Bald eagle at the San Diego Zoo Safari Park

At the San Diego Zoo Safari Park

Safari Park opens at 9:00 a.m., and that’s when I go to avoid
the huge afternoon crowds. So I guess this bird was eating breakfast.
At the San Diego Zoo Safari Park

This great white pelican turned its pouch inside out, which makes
it look like something out of a Stephen King movie.
The mallard doesn’t look impressed.
At the San Diego Zoo Safari Park

And now for the unknown birds.
At the San Diego Zoo Safari ParkAt the San Diego Zoo Safari ParkAt the San Diego Zoo Safari ParkAt the San Diego Zoo Safari ParkAt the San Diego Zoo Safari ParkAt the San Diego Zoo Safari ParkAt the San Diego Zoo Safari ParkAt the San Diego Zoo Safari ParkAt the San Diego Zoo Safari ParkAt the San Diego Zoo Safari ParkAt the San Diego Zoo Safari ParkAt the San Diego Zoo Safari ParkAt the San Diego Zoo Safari ParkAt the San Diego Zoo Safari ParkAt the San Diego Zoo Safari Park

Mama and her little one.
At the San Diego Zoo Safari Park

As I was leaving Safari Park, I saw a hawk soaring
overhead so, of course, I took a picture. Duh.
At the San Diego Zoo Safari Park

I'm Zoey the Cool Cat, and I approve this post

…and we have #4

Picture of the Moment

When I was young and living in Kingsville TX, if I wanted to see dragonflies all I had to do was set out a bucket of water.

Multiple dragonflies within minutes.

Kind of like setting out a box if you want to see a cat.

In the 24 years I have been in San Diego, I have seen four dragonflies, with the fourth coming two days ago at a pond at the San Diego Zoo Safari Park.

Since I was testing a Tamron 150-600 mm lens, my rental lens, I was able to get several shots of this beauty. Of the other three dragonflies, I only have a picture of one, and it’s not a great picture because you just can’t get close to these things without them taking off.

Here are three of the best from the Safari Park:

Orange dragonfly at the San Diego Zoo Safari Park

Orange dragonfly at the San Diego Zoo Safari Park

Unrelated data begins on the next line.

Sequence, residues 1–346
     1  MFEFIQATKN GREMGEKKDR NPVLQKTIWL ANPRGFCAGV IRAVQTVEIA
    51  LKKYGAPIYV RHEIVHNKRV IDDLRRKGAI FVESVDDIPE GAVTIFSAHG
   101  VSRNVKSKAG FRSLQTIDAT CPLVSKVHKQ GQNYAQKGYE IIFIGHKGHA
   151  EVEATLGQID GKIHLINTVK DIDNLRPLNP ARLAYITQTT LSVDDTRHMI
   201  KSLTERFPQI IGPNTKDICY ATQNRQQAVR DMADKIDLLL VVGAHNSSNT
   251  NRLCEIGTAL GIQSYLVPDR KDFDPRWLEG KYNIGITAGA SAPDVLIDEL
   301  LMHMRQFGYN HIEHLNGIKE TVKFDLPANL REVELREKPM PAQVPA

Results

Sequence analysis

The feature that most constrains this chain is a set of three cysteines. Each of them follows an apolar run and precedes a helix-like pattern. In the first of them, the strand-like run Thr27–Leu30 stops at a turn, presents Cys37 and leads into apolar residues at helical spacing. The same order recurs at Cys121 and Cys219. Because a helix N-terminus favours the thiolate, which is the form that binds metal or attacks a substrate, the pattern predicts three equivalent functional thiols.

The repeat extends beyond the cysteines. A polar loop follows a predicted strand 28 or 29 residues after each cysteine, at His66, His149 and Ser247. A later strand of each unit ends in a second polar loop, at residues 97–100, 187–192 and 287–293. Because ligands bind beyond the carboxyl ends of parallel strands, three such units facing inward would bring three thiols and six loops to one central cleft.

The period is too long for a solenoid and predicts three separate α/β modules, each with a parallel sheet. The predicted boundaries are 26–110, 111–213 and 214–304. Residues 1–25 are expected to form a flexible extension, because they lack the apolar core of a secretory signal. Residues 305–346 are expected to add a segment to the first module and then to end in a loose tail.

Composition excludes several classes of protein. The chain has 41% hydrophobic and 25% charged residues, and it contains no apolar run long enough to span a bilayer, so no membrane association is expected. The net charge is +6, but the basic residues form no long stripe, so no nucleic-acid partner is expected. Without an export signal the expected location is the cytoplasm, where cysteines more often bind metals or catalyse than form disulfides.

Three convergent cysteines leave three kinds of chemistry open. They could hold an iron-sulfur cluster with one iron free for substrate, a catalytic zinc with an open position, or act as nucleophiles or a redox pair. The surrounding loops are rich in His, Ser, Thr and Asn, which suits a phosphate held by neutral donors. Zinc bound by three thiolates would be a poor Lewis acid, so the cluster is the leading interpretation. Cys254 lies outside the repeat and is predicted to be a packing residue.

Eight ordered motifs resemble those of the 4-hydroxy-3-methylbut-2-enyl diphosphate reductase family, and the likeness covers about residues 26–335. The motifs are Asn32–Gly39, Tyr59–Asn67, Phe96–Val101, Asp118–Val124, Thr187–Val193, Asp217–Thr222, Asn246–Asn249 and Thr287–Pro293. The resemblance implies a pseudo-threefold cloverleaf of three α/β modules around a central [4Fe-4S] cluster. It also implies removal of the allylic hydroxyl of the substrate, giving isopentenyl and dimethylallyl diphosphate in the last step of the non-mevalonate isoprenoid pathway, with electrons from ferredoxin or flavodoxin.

Orange dragonfly at the San Diego Zoo Safari Park

This post approved by Zoey the Cool Cat

The cotton ball tree

Did you know?

Although San Diego is defined as a desert in terms of annual rainfall, it also has a Mediterranean climate, so if you can meet the water needs of virtually any plant, it can grow here in San Diego. There even are redwood groves at the San Diego Zoo (coming out of the polar bear exhibit) and at Safari Park (going up to Condor Ridge).

One of the more unusual trees that grows here is what I call the “cotton ball tree.” Looks like this:

img_5749 floss silk tree stamp

img_5748 floss silk tree stamp

flower (21) floss silk tree flower stamp

Pictures copyright 2012 Russel Ray Photos

The top two pictures were taken at the San Diego Zoo. The tree is so tall that I had missed it until a few years ago when it was dropping flowers and cotton balls. I asked at the Information Booth what the name of the “cotton ball tree” was. They knew exactly which tree I was talking about.

It’s a silk floss tree (Ceiba speciosa).

The lower part of the trunk often is swollen, while young tree trunks and the upper trunk and branches of older trees are covered with thorns. Roses don’t have anything on this tree!

file000023991 silk floss tree stamp

_MG_9162 silk floss tree thorns framed

Pictures copyright 2012 Russel Ray Photos

The silk floss tree is a deciduous tree native to the tropical and subtropical forests of South America, mainly in Bolivia, Paraguay, Uruguay, northeast Argentina, and southern Brazil.

It is resistant to drought and moderate cold, and grows quite fast when water is abundant. It can get up to 82 feet tall. In an unusual twist for trees, the trunk is green, which means that it is capable of photosynthesis when leaves are absent. In older trees, the lower part of the trunk usually turns to gray. The swollen trunk stores water, as do the thorns.